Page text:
Recorded as part of the Poem-a-Day series, December 22, 2014
About this Poem 

“What to say when someone asks where home is? Especially when ‘home’ for you can mean the Philippines—somewhere you haven’t lived? When you were born a hemisphere away, but have inherited its faiths and myths, its capacity for awe? You give yourself permission to feel at home in your blood; you try to invent a new language for your answer.”
R. A. Villanueva


Not vinegar. Not acid. Not
sugarcane pressed to mortar by
fist, but salt: salt, the home taste; salt,
the tide; salt, the blood. Not Holy

Ghost, but a saint of coral come
to life in the night crossing a
field of brambles and thorns, the camps
of pirates beat back to the bay

with hornets. Not Santo Niño.
And not a belt of storms, but this:
girls singing, an avocado
in each open palm, courting doves;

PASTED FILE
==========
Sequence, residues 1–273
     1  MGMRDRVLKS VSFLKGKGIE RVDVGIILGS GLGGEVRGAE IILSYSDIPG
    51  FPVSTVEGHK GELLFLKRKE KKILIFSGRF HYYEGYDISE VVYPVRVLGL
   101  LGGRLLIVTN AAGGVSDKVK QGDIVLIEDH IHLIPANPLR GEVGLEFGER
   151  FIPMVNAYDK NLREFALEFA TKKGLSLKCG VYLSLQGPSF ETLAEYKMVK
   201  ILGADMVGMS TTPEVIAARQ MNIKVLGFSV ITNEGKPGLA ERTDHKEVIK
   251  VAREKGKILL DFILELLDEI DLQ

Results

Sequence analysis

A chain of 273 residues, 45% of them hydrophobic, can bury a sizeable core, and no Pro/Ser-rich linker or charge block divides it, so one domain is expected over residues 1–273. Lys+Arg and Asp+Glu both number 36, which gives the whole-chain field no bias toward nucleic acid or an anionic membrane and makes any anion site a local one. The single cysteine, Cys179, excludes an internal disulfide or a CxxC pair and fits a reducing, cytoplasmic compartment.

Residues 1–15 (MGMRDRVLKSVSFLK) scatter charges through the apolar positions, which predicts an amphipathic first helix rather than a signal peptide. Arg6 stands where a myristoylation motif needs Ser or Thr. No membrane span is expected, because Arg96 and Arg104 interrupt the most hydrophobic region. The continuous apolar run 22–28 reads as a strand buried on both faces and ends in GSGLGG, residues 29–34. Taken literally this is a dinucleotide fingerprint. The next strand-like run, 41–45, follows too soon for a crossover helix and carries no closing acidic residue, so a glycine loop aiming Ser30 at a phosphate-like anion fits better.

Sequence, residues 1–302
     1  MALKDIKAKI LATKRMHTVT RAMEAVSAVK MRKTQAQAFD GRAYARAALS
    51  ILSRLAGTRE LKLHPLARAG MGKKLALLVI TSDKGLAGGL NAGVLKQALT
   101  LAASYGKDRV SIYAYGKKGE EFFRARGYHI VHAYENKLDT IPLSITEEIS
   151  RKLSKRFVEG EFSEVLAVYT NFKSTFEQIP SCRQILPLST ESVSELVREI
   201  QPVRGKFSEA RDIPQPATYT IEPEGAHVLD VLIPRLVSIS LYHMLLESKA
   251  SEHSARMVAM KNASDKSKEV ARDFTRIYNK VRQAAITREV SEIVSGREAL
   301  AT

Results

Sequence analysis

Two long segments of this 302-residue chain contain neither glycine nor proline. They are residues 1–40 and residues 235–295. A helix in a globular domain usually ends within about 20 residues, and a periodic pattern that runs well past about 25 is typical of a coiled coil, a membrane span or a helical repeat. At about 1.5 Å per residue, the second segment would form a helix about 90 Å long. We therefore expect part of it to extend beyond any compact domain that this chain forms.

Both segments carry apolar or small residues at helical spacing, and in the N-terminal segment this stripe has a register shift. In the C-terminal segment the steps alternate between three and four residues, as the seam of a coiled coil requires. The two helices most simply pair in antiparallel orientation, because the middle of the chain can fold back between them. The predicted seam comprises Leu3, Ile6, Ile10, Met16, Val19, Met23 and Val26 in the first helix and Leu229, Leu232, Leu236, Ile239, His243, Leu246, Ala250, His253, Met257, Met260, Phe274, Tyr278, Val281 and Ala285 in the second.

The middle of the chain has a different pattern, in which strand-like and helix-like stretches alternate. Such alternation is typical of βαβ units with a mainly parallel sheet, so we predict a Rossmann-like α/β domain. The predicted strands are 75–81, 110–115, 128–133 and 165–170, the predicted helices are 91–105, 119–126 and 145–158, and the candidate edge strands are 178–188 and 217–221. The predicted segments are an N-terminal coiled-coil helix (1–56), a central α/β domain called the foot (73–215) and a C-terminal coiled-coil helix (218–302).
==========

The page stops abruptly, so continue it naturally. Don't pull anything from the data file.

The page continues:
a moth drawn to the light of our
room you take to be your father.

Copyright © 2014 by R. A. Villanueva. Used with permission of the author.

Copyright © 2014 by R. A. Villanueva. Used with permission of the author.

R. A. Villanueva

R. A. Villanueva

R. A. Villanueva is the author of Reliquaria (University of Nebraska Press, 2014).

by this poet

           For X.

From the shallows our son watches me play 
dead. He sits on river rocks chucking sand, 
burying strawberries while I float down-
stream, breath wound bright in the gut, a body

both here and of other waters. The day
he was born, midwives touched your face, your hands, 
tested nerve

At the columbarium dug
by hand, a man points to where rock
doves would be brought to nest, their eggs

tended by priests, and the cave locked
at sundown, guarded by hired
knives. The flock meant meat for the dry

times; saltpeter; yolks needed to bind
portraits to walls, to raise